Video Games & Tech

Starbound: To Infinity And Beyond

by on 17/12/2013

Chucklefish Games


Brilliant playability, visuals and generally huge amounts of fun


Early Access status means prominent bugs and character wipes are not uncommon

Editor Rating
Total Score


I’ve never played Terraria. And while I enjoy Minecraft, I’ve always been fairly casual about it, never one of those people building themselves replicas of the USS Enterprise. And when Starbound was released I genuinely had no intention of buying it. Then, as is so often the case with me, a friend suggested it might be a laugh to play together and I was suckered into an £11.99 purchase of an Early Access game. Which sounds like a bad plan. Especially considering that the last game I bought on early access was Godus, Peter Molyneux’s latest project that he claimed would “re-revolutionise the god game genre”. It was a massive disappointment and simply left me frustrated and without a clue as to what the hell I was supposed to be doing. Also, I’d never bought Terraria despite many people raving about it because, to me, it simply looked like a worse Minecraft. Minecraft is simple enough as it is, why would I go for a downgraded version. So, to summarise: bad history of Early Access, low opinion of related game and impulse buy. What a great way to enter a game.

Endless Worlds, Endless Possibilites

Endless Worlds, Endless Possibilites

But Starbound has gone above and beyond the call of duty. I cannot express how much this game has exceeded itself in my expectations. The essence of the game is this – take all the best bits of Minecraft, throw away the frustration, add in a sci-fi setting and inject the game with a truckload of character and intriguing backstory. Then you leap into this world and begin exploring to your heart’s content. There’s no problem of losing gear as, when you die, you respawn with all your equipment but instead incur a “pixel” cost, pixels being the in-game money necessary for higher level items. So no more edging around lava trying to get to that diamond sword hovering just out of reach. And speaking of diamonds, you won’t want to kill yourself trying to get enough for them to be useful. Starbound makes diamonds rare enough that they’re still of great value but not so rare that you can search endlessly without finding any. Though, that said, I currently have absolutely no idea what to do with them. But never mind, cos I’ve got copper trousers and crimson-lensed flight goggles that make me feel like Cyclops. And while you may see a fair amount of people with these goggles running around, you may not see so many with circlets on their heads. Because the copper helmet can only be upgraded into the Hatchling’s Circlet if, like me, you’re a member of the Avian race. Oh yeah, Starbound has races. 6 to be precise.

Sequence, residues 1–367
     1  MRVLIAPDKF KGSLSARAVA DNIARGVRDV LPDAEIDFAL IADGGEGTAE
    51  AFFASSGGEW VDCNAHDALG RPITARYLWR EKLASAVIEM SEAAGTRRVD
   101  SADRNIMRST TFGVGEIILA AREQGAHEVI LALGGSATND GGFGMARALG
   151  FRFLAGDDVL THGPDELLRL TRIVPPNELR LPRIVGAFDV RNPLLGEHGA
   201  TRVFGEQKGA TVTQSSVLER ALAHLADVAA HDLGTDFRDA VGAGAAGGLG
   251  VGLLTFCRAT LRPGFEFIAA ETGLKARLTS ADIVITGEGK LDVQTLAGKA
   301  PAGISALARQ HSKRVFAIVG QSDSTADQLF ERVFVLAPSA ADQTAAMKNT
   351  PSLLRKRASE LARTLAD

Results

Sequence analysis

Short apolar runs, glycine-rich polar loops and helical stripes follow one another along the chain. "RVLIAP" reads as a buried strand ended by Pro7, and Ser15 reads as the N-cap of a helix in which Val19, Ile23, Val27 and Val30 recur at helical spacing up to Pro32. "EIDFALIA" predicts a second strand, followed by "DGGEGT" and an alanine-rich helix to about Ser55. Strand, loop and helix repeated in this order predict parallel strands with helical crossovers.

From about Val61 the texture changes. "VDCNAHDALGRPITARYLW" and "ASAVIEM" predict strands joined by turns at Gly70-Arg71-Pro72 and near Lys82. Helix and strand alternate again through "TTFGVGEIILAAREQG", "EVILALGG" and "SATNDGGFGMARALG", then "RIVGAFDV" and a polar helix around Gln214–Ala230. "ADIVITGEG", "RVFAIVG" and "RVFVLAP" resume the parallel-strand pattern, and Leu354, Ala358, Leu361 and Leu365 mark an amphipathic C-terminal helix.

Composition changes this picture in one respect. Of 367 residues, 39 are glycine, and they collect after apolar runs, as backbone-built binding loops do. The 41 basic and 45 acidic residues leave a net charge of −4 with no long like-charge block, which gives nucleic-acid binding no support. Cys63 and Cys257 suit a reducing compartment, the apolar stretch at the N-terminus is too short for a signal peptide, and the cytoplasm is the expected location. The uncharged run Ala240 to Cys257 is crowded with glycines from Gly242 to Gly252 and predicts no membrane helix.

Quick rundown. Avian (Bird-People), Glitch (Robots), Apex (Ape-People), Floran (Flower-People), Hylotl (Fish-People) and Human. There is also a seventh race, the Novakid (Light-People) who have not yet been released. Each race has a unique backstory and though they don’t seem to possess any kind of racial abilities, not as yet anyway, there are items that are unique to certain races and your race can shape the look of crafted items, such as my goggles turning into the Circlet. So while it may not have a huge effect on how the game actually runs for you, it does provide a certain aesthetic appeal that lends itself to the well developed and somewhat surprisingly dark backstories that each of Starbound’s races possess. And aesthetics is something that Starbound does very well

Because Bird-Men

Because Bird-Men


The procedurally generated worlds of the game, which make for near endless exploration, look incredible, lurid neon shades painting a landscape interrupted by strange looking trees and rocky outcrops. The world below ground is wildly diverse, ranging from slime to sand and all manners of oddness in between. One cave I found myself dropping into lakes of poison, 10 minutes later I was trudging through a sewer complex. And this is what it really comes down to. In all this beautiful diversity, there is one constant. The whole universe wants you to die. Every little dip in the ground, every wonderfully colourful puddle and every single damn one of the multitude of LSD fantasy looking Pokemon rejects that make up the worlds’ native inhabitants. I’ve spent a lot of time dying on Starbound.

But, to be perfectly honest, I don’t care. The fact of the matter is that Starbound rocks. This 2D world is beautifully rendered and thought out with intriguing backstory, great gameplay and a level of playability that is simply incredible. And death by death, cave by cave, it’s fascinating to see the worlds of Starbound expand as the game ever improves and your character grows ever stronger, building a world for themselves that is limited, clichéd as it may be, by your imagination alone.